Over the course of his study, political scientist Julian Gruin spoke to 60 policymakers, bankers and (retired) members and officials of the Chinese Communist Party (CCP) to get an answer to the question that has been occupying academics for some time: namely, how China was able to become an economic superpower in the space of roughly 30 years without this being accompanied by a transition to more democracy and greater individual freedoms.
However natural that question may seem from a Western perspective, it ultimately says more about us than it does about China. The Western, eurocentric perspective assumes that democracy based on the rule of law, individual freedoms and a strict separation between the free market and the state must be the ultimate goal for any nation.
However, because the Chinese state apparatus is synonymous with the CCP and all banks are owned by the state, the distinction between the state and the market is far less clear cut in China. For that reason, a lot of Western research into China’s rampant economic growth had stalled, being unable to resolve the apparent contradiction between a free market economy and an authoritarian state, which, after all, cannot be explained from a theoretical, Western perspective.
Gruin was initially in Beijing to study the Chinese response to the 2008-2010 financial crisis. His research focused on the question of why Western powers had been forced to make every effort to prevent mass redundancies and to bail out the banks, while the Chinese economy continued to grow steadily. Gradually, Gruin came to the conclusion that it was the traditional Western division between the market and the state that prevented him from coming to a plausible explanation.
By speaking to more than 60 insiders, Gruin was able to circumvent the traditional eurocentric perspective and was able to identify and outline the way in which the Chinese Communist Party controls the banking system and, as such, controls the Chinese economy.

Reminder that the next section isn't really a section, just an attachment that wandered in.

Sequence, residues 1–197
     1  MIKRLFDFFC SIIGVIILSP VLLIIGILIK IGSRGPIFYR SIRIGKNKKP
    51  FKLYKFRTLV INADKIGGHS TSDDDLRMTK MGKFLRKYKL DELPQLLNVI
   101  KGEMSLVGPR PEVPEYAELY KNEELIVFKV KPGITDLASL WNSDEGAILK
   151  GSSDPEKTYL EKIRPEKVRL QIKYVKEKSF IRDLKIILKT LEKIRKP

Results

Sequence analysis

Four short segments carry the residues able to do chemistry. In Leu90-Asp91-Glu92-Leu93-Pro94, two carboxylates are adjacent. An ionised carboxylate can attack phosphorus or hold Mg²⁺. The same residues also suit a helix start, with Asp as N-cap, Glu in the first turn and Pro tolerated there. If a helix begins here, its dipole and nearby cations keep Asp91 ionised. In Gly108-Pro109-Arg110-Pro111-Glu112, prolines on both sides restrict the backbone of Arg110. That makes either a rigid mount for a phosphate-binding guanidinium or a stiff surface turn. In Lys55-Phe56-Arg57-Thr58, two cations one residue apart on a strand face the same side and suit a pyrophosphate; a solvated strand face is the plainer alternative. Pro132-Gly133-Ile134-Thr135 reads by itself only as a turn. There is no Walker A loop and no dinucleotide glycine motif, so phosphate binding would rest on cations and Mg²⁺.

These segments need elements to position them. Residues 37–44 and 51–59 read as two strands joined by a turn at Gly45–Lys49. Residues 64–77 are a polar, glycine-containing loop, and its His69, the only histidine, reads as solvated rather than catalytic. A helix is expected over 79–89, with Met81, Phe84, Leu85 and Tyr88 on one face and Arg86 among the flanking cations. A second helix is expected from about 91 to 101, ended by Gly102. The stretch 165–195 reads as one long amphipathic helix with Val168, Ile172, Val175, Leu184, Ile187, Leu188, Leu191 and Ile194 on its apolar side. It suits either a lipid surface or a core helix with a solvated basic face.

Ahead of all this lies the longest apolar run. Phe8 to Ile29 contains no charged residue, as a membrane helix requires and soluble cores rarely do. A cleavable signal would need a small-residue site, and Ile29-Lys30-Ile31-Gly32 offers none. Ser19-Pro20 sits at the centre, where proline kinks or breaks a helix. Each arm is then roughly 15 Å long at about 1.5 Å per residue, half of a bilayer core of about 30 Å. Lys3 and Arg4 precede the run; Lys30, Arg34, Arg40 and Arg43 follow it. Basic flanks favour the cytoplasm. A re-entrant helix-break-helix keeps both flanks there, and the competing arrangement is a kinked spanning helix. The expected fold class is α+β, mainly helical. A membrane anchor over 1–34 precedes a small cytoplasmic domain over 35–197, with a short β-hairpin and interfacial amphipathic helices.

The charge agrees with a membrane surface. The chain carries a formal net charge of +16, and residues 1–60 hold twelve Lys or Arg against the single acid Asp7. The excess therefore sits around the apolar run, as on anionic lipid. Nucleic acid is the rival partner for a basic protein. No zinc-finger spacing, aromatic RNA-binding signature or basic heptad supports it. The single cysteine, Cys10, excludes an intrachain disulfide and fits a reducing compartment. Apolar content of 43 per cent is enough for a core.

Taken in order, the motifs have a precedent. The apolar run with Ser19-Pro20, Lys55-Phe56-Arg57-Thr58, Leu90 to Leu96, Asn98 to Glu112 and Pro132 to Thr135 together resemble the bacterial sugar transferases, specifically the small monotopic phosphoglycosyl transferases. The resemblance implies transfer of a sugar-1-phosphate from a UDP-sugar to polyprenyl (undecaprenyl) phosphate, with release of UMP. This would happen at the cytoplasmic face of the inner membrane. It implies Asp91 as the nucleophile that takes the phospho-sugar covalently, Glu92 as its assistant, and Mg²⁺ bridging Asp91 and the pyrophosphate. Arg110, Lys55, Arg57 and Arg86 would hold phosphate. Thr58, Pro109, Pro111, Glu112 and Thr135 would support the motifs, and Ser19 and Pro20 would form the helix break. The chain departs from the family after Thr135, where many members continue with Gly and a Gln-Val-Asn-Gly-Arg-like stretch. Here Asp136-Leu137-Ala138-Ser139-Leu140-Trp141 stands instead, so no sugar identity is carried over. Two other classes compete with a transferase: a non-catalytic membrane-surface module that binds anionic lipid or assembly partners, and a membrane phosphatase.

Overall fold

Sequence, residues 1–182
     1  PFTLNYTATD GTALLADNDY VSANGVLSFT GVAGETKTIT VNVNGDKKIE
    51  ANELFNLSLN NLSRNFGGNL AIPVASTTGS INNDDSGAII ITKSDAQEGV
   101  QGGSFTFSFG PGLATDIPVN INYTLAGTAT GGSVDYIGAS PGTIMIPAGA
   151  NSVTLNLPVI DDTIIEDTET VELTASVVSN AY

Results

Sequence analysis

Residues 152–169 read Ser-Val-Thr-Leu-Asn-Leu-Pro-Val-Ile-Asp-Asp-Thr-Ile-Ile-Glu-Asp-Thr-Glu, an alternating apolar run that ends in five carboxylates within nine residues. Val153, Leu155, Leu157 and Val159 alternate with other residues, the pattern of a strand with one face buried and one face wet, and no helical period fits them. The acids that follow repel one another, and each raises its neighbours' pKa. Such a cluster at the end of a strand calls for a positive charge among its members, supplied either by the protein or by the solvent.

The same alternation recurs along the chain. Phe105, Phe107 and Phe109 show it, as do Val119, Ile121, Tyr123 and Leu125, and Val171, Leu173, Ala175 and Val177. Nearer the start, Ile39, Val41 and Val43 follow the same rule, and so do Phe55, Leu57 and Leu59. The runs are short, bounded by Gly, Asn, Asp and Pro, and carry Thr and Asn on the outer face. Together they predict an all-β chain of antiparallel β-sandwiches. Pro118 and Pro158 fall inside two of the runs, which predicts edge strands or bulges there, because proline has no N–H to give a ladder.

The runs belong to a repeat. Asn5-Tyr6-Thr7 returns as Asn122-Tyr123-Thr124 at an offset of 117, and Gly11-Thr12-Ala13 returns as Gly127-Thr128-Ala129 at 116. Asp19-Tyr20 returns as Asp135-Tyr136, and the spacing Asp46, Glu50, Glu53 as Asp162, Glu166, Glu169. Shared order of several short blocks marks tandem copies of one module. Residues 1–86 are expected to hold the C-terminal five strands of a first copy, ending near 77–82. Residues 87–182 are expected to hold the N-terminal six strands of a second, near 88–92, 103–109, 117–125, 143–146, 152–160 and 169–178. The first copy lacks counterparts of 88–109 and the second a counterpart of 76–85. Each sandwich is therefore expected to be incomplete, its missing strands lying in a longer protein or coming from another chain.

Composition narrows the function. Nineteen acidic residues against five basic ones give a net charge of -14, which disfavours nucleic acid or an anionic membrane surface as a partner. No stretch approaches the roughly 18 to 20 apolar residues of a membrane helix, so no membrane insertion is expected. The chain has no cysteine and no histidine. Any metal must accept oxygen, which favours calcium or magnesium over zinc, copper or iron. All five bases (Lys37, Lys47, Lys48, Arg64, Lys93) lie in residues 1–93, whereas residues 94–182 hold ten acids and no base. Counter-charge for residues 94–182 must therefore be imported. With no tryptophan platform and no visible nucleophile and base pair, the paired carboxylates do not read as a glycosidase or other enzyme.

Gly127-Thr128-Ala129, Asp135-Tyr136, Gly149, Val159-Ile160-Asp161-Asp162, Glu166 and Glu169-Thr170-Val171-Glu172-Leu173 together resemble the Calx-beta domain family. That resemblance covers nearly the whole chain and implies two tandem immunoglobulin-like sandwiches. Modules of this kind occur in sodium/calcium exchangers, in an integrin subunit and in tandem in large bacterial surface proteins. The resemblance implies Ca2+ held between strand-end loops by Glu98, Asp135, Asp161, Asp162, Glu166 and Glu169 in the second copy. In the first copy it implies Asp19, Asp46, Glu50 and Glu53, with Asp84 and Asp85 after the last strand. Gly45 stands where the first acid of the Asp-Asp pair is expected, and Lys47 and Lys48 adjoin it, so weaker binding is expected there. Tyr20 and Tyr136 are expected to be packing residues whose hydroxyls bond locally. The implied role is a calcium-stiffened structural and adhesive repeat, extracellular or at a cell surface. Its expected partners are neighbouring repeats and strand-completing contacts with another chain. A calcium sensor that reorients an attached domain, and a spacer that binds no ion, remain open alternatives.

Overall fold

This is information that is neither public knowledge, nor can be found in books or annual reports that are publicly available. Getting individuals to speak candidly proved no easy feat, if only due to the fact that the respondents owed their careers to the CCP and consequently had no interest in sharing their views. For that reason, Gruin had to gain the trust of every individual involved before a conversation could even take place. This often involved going out with them repeatedly, but occasionally also meant giving an official’s daughter tennis lessons.
Based on the interviews, Gruin identified how the CCP retains control of the Chinese banks. The strength of that control is demonstrated by the HR system, which has been rigged to rotate party members-cum-bankers between key positions within the various banks in order to prepare them for positions within the party.
The loyalty to the CCP of the individuals Gruin interviewed for his book appeared not chiefly motivated by personal gain, but rather was based on a deeper common social conviction that the CCP had brought the country socio-economic stability. Asked what he considered to be the most remarkable discovery he made, after some reflection, Gruin replies: ‘The realisation that many of the people I interviewed were aware of the darker sides of the CCP. They recognised the shortcomings, but were nevertheless convinced that this was the best system for China.'
Julian Gruin is an Assistant Professor of Transnational Governance at the University of Amsterdam. From 2016-2019 Gruin is also an ESRC FRL Fellow at the University of Warwick. Gruin works in the disciplines of international political economy and economic sociology, his research interests are global financial governance, Chinese political economy, and the evolving nature of power in the global economy. Gruin obtained a PhD from Oxford University.